Nancy Wake (08/30/1912 — 09/07/2011)
Wake served 20 years in her role, working against the German’s. She was a New Zealander but lived in France where she organized the French resistance and planned sabotage operations.
The Germans called her “white mouse” because she could evade capture so well.
In ’39, Wake married a wealthy Frenchman. Six months later the Nazis invaded. Wake started providing assistance to the French resistance, moving messages and food to underground groups.
Because her wealthy husband was French, Germans afforded her free travel, but they were suspicious. When they put a huge price on her head, she fled to England.
Wake trained as a spy then returned to central France with another operative. There, she earned the respect of French guerrillas by drinking them under the table. They grew the resistance troops in that area from 4,000 to 7,000.
That group gave the Germans more trouble than any other area. She once led a raid on a Gestapo HQ, where she attacked and killed a man with her bare hands.
Wake lived to age 99.
Eileen Nearne (03/15/1921 — 08/02/2010)
Nearne kept a seamless cover as a French woman, even though she worked for the British as a spy starting in 1944. Her secret was that she was actually French. This allowed her to hide in plain site.
She spent 1944 as a radio operator and courier for the British. When the Nazis captured and tortured her later that year, Nearne did not break. She gave the Gestapo fake names and addresses.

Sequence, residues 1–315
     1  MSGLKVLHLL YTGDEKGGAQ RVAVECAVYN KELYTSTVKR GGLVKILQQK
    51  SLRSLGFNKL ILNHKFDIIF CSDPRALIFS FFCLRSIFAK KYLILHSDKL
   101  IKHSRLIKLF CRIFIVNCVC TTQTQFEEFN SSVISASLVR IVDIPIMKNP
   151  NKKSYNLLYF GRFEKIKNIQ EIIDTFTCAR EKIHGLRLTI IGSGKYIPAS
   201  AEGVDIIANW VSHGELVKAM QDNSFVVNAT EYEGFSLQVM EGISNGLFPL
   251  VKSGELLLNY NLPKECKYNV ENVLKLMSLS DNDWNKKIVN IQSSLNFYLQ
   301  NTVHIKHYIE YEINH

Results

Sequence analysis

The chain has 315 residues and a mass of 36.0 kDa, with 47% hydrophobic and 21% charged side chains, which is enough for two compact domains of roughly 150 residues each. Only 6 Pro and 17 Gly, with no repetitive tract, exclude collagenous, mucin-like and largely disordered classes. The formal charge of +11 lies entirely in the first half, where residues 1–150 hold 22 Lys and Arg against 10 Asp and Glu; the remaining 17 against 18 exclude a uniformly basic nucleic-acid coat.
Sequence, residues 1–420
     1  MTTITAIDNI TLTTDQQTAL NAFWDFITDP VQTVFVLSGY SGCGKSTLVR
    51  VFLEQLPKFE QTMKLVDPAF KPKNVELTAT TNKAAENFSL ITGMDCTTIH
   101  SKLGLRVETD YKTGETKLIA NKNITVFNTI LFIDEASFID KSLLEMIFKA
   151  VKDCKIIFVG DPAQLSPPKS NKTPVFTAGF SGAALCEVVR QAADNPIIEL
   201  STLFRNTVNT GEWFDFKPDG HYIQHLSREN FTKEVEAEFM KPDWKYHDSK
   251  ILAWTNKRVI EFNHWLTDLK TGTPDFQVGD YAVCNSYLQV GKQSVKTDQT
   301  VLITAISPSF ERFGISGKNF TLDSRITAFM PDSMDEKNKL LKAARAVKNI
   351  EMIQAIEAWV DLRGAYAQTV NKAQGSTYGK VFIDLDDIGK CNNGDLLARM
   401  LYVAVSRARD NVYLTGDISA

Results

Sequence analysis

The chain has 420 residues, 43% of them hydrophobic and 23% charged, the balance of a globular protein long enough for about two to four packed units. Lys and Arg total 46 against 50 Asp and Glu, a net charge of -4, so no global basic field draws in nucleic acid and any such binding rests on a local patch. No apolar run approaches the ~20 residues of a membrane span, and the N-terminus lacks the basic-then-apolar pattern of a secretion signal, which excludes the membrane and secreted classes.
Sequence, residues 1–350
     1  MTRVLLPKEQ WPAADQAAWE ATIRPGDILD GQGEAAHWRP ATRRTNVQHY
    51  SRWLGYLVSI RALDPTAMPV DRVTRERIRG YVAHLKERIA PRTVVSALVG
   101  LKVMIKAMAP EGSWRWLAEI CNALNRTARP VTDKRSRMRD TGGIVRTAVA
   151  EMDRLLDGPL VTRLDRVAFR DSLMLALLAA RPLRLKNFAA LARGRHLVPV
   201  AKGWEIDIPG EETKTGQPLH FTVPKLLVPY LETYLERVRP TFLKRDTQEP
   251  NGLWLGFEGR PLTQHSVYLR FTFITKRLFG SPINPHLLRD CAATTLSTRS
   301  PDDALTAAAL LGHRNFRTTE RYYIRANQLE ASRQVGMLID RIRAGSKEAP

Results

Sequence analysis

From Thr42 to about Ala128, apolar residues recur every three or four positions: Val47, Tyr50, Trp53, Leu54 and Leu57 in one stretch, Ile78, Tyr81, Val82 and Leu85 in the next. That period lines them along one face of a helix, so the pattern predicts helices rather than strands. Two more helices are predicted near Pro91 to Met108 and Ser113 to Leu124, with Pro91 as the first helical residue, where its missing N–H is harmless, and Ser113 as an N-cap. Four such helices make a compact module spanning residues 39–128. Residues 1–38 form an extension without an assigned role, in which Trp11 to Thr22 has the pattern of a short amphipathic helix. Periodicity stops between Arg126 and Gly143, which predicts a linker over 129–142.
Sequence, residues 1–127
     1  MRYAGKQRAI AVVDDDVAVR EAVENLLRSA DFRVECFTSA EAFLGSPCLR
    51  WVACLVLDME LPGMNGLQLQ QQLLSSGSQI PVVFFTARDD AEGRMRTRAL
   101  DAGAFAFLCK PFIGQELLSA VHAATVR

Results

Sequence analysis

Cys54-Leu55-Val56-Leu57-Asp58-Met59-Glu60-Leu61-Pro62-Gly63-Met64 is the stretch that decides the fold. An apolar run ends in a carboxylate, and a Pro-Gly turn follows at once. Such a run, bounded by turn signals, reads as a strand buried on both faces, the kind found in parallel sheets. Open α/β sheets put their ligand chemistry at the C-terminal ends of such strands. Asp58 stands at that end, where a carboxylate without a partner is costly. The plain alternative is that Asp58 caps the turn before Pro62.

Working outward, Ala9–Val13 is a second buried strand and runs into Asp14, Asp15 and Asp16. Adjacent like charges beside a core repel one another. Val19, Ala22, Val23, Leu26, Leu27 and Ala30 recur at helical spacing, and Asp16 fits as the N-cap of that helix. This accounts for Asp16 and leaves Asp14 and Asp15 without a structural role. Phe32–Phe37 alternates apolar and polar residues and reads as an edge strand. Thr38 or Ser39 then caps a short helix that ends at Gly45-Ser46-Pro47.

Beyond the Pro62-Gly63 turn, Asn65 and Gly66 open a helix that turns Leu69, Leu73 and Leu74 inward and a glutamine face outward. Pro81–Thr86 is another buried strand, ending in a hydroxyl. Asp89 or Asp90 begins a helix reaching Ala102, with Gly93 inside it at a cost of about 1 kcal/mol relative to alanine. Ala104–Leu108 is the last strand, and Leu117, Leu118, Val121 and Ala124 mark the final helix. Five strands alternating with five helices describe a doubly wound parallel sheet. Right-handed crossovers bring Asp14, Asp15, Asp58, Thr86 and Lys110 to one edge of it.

From there they put her in a camp, where she worked to stay alive. When the Americans closed in on the camp, the Nazis moved the women from the camp. She and two other women escaped.
When the escaped women noticed that the Americans had taken the camp the next day, they returned. The Americans arrested them as spies for the Germans, placing them in with the German prisoners until Nearne was able to convince them that she was a British spy.
Talk about awkward.
Virginia Roush (06/04/1910 — 09/20/1997)
From 1943 to 1945, Roush helped downed pilots escape France. She was an American, married to a Frenchman, living as a housewife. When the Germans marched on Paris, everything changed for Roush.
The local baker enlisted Roush and her husband to help him smuggle two downed American pilots to England. After they helped with that mission, the couple joined a French resistance group known as the Comet Line.
That group’s focus was returning downed allied pilots to their homes. Roush’s job was to quiz the pilots for German fakes. The Nazis knew about the Comet Line. They would send German pilots, educated in the States to pose as American soldiers.
In one plot to move a number of pilots to the south of France, the Germans captured Roush. She survived the camps, but only when liberated in 1945, and put the emphasis on the word survived. The day she got out she weighed 76 pounds.
Roush and her husband’s efforts saved more than 60 airmen.
These are only a few of the stories we know because these subjects survived to tell the tale. What we will never know are the countless stories of heroism by those who didn’t survive.
These stories give credence to the expression that, humans are at our best when life is at its worst.